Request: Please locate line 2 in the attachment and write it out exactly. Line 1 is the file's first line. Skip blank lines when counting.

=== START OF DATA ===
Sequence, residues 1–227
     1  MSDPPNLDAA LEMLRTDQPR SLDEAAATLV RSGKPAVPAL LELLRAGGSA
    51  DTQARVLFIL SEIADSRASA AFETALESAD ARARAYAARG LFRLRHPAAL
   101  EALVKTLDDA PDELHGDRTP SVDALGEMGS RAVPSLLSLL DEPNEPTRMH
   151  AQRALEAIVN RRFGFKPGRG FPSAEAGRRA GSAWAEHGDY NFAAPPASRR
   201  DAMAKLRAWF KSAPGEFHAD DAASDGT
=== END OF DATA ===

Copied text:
     1  MSDPPNLDAA LEMLRTDQPR SLDEAAATLV RSGKPAVPAL LELLRAGGSA